Hundreds of vehicles gather at Vintage Motor Car Meet

By Merja Lehtinen - ReminderNews
East Haddam - posted Mon., Aug. 5, 2013
There were vintage fire trucks at the Annual Vintage Motor Car Meet, in addition to hundreds of cars. This one features a Dalmatian sculpture. Photos by Merja Lehtinen.
There were vintage fire trucks at the Annual Vintage Motor Car Meet, in addition to hundreds of cars. This one features a Dalmatian sculpture. Photos by Merja Lehtinen.

The 47th Annual Vintage Motor Car Meet of the Belltown Antique Car Club on Sunday, Aug. 4, was like a road rally from the 1920s; one almost expected Daisy and Gatsby to drive up the road.

Several groups of antique car drivers motored back and forth between 11 a.m. and 3:30 p.m. to the antique motor vehicle show at the Haddam Neck Fairgrounds - so many, in fact, that seeing a modern car along the roads was the exception, not the norm.

More than 240 antique cars were officially registered for the meet, and the drivers of several hundred more were just there to enjoy the day. Mix in period fire trucks from the late 1800s to early and mid 1900s, and the scene at the show certainly brought some onlookers back in time.

Jim Way's 1929 Ford Roadster is his pride and joy, but he was not seeking acclaim; Way claimed he was just there to organize others to have fun. Kelly and Curvin Councet, from North Branford, attended in a glamorous bright red 1953 Buick Skylark.

Karen and Louis Swiridowsky, of Middlefield, had their five-window 1930 Chevy coupe, while Tom Siena, of East Hampton, was driving a 1955 Nomad station wagon by Chevrolet. But he did not come to display his car; he drove long-time expert, friend and antique car buff John Peterson, 93, to the show.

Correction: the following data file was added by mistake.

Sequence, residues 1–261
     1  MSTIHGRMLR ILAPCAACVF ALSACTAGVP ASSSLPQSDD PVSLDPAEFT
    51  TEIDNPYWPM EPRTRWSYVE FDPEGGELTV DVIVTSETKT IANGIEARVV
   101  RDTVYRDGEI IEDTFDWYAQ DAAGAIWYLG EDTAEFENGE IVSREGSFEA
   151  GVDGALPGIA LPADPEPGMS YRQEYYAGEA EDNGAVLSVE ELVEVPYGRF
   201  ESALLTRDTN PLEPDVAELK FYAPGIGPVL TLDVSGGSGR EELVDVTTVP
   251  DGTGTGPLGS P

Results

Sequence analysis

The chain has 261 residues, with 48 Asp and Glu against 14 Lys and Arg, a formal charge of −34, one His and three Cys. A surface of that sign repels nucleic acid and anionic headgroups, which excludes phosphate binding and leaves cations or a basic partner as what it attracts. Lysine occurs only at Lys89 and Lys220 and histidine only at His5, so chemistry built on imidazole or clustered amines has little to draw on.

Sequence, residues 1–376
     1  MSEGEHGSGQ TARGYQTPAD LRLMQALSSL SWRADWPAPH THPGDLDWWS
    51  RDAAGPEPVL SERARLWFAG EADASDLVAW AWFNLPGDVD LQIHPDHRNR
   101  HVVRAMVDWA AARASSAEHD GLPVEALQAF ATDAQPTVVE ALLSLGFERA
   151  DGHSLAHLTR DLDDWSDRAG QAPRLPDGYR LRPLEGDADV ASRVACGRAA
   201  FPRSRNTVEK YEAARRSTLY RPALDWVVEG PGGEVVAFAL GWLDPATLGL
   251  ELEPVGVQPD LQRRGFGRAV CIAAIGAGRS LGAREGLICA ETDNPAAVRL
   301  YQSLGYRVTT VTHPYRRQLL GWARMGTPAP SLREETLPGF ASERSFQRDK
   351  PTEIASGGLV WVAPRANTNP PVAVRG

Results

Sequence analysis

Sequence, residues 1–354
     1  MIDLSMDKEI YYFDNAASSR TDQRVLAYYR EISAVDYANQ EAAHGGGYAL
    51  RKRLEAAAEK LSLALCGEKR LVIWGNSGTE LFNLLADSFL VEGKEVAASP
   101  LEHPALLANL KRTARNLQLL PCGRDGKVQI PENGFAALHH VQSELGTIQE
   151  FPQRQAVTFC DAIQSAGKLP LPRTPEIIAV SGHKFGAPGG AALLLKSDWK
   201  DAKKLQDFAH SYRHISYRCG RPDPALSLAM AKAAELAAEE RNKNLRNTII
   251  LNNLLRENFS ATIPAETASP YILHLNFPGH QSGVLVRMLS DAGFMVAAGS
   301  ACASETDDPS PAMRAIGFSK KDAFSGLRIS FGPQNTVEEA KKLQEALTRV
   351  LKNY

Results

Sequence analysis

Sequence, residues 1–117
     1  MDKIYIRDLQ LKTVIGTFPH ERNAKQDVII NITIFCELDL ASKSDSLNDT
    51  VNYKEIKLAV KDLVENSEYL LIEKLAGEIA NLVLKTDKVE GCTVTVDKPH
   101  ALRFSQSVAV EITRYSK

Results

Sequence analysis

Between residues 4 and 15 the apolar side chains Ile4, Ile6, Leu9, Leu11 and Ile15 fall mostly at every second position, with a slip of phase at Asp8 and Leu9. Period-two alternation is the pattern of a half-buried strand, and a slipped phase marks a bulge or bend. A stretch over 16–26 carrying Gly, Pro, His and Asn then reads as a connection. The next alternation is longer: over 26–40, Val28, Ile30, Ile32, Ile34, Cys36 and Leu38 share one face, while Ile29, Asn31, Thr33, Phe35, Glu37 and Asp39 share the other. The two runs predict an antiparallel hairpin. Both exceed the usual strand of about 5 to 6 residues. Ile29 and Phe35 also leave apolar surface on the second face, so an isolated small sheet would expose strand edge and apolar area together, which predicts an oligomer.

There were several Models As and Model Ts at the show. As Richard Beckwith pointed out, the Model T came first, then Ford created the Model A with a transmission as we know it, and other modern amenities that moved cars "into the modern era."

Little Triumphs and MG/MGB British antique sports cars, manufactured in the 1950s to 1980s, were also present.

John Grant, who officiated over this year's show, said that more than 240 cars were given packets for registering; another 200 or more antique cars came with people who just wanted to watch. "We don't count people around here, we just count antique cars!” Grant said. “It is just fun."

The Motor Car Meet started in the 1960s in conjunction with an historical celebration of East Hampton's past. Then, several people who owned antique vehicles were asked to participate in the parade. So, as a result, all those people became friends and decided to gather annually as part of a motor club which still meets every year, 47 years later.

There were nominal prizes awarded, which were Belltown's Bevin Bros. school bells in various sizes for participants.


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